In the sweltering 45 degrees of a June Sunday, much of Delhi skipped a Baba Ramdev call to come out and join a rally against black money. Attendance would possibly have been more if the Baba had promised a yoga lesson.
But for some time now, the battle against black money has been more Baba Ramdev's pet cause than even evangelising yoga. And towards that, Baba Ramdev, having realised that railing against politicos was not quite helping, is now seeking to meet political leaders and talk them into supporting his campaign. He has the BJP's avowed support after that party's president Nitin Gadkari touched the Baba's feet and promised all help.
The yogi says he has also sought an appointment with Congress president Sonia Gandhi.
For the last one year, he has attempted to attach his bandwagon to the Anna Hazare corruption campaign. Team Anna blows hot and blows cold with Baba Ramdev - there have been occasions when one or more members have publically distanced themselves, and then days like Sunday when Gandhian Anna Hazare and Baba Ramdev shared stage to fast in Delhi.
Team Anna's decided queasiness about the association could stem from the fact that the yoga icon's different trusts are being investigated for violating foreign exchange and income tax guidelines; Baba Ramdev has said this is the government's way of punishing him for his campaign against corruption and black money.
Before the 46-year-old swami became the latest crusader against corruption, he was best known for his efforts to popularise yoga among increasingly health conscious Indians. He is largely a television and video phenomenon. He fired the imagination of an entire segment of TV watchers, who tuned out of daily soap opera to tune into and do yoga with Baba Ramdev. Now, thousands turn up at his camps to do mass yoga with him.
Baba Ramdev moved from morning slots to prime time news one midnight in June 2011 when the Delhi Police swooped down on Ramlila Maidan where he was holding a rally against corruption. The administration says Ramdev had permission only for a mass yoga camp with 5000 in attendance. But there were about 50,000 people gathered at the venue. Many supporters of the yoga teacher were injured in clashes with the police - one, a woman, died in hospital later. Baba Ramdev escaped incognito. He surfaced hours later at his Hardwar ashram dressed in a woman's salwar kameez
A wiry man with a full flowing black beard, hair parted and tied back, in red robes, the abiding vision of Ramdev is of a man demonstrating very difficult yoga asanas. He has a considerable following and people flock to his institutes in Haridwar, near Dehradun. The yoga guru claims to cure many ailments through yoga and ayurveda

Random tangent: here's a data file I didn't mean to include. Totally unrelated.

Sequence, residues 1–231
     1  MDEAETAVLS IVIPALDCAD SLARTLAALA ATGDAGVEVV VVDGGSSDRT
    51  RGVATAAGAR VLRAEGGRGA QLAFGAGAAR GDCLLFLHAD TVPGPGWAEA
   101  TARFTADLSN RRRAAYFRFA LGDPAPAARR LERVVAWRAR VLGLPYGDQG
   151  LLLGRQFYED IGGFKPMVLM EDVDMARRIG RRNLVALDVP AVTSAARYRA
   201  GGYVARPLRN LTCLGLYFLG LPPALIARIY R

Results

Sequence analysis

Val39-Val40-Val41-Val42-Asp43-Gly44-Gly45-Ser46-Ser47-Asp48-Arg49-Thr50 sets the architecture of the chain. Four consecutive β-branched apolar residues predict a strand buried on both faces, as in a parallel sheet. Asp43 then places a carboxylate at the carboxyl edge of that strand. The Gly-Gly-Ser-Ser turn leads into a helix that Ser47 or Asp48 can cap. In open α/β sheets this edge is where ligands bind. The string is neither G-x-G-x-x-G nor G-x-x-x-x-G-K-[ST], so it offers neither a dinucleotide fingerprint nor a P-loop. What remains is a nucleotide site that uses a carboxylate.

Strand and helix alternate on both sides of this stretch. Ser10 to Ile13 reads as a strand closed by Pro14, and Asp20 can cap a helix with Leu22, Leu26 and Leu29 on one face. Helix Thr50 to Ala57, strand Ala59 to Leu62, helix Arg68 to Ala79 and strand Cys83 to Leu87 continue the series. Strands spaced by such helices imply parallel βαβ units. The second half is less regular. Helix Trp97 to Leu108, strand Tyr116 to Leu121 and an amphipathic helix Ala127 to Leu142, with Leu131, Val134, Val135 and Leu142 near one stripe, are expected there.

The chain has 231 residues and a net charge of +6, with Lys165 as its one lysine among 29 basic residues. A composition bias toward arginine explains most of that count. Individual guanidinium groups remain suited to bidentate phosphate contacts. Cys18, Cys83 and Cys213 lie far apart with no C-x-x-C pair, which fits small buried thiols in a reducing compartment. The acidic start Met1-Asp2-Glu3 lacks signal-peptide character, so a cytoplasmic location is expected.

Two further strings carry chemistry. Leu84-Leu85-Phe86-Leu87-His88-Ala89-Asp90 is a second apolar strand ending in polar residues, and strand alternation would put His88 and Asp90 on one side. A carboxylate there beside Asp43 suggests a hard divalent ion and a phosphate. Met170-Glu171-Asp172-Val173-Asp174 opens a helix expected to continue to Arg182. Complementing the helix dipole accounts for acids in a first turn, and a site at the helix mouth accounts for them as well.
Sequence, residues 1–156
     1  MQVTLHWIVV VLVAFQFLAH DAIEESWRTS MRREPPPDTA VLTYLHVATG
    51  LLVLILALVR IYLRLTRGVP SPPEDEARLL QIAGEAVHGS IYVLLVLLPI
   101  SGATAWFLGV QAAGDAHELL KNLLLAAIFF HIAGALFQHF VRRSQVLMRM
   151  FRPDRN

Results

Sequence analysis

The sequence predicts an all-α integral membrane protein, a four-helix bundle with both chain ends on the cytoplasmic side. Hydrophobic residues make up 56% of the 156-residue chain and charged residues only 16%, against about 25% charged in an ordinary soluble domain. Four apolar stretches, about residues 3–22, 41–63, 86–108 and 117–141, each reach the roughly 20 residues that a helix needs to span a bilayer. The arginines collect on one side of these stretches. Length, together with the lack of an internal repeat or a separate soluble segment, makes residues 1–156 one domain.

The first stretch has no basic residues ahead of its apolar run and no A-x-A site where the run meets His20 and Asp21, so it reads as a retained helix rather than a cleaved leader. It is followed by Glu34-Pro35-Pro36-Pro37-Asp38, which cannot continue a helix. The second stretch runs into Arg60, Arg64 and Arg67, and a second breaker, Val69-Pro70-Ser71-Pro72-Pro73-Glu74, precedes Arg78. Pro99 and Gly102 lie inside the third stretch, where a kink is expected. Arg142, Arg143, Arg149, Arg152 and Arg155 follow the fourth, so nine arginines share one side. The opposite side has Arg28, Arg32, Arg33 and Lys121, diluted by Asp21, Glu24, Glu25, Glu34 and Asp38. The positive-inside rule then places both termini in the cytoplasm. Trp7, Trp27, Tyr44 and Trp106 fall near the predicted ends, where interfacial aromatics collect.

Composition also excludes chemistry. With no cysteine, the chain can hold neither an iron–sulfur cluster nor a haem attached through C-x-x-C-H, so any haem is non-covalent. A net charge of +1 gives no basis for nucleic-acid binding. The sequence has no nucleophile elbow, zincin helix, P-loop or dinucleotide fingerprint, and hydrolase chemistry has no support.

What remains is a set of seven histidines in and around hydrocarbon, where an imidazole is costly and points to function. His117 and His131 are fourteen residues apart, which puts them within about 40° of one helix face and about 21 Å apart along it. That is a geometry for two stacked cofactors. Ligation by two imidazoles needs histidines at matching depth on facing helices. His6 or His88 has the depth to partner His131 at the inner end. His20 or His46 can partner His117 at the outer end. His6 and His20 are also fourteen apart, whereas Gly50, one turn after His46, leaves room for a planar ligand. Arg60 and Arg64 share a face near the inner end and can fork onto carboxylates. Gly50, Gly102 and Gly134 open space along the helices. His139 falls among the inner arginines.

and has courted controversy with his claims of curing AIDS and cancer with yoga, though he later clarified that he had only said yoga helped provide relief to those with AIDS.
As his popularity grew in the era of multiple television channels, Ramdev found not just celebrity, but political ambition too. In 2010 he announced that he would launch a new political party - the Bharat Swabhiman - to "cleanse the system." Ramdev said that he would not contest elections but that his party would contest all 543 Lok Sabha seats in the next elections on a manifesto that shall address black money and corruption as the key issues. He insists though that his black money campaign is anything but political.
Baba Ramdev was born in 1965 in a Haryana village called Alipur. He was named Ramkishan Yadav. Various biographies say Ramkishan attended school till class 8 and then joined a gurukul
where he learnt Sanskrit and Yoga.
He later became a sanyasi (one who renounces the world) and took the name Baba Ramdev and began to teach yoga. He later moved to Haridwar, where he continued to offer free yoga lessons. His followers claim he has studied the Hindu scriptures deeply and even taught them in various gurukuls
Baba Ramdev muscled his way into India's consciousness in 1995 when his mass yoga sessions started being televised. He used his classes to preach against corruption in the system, and occasionally to promote a swadeshi
ideology that was welcomed by saffron groups. He has set up several trusts, gurukuls
and foundations and conducts yoga camps and classes throughout the world. He is known for his focus on pranayama
, the ancient breathing exercises that are a fundamental part of yoga.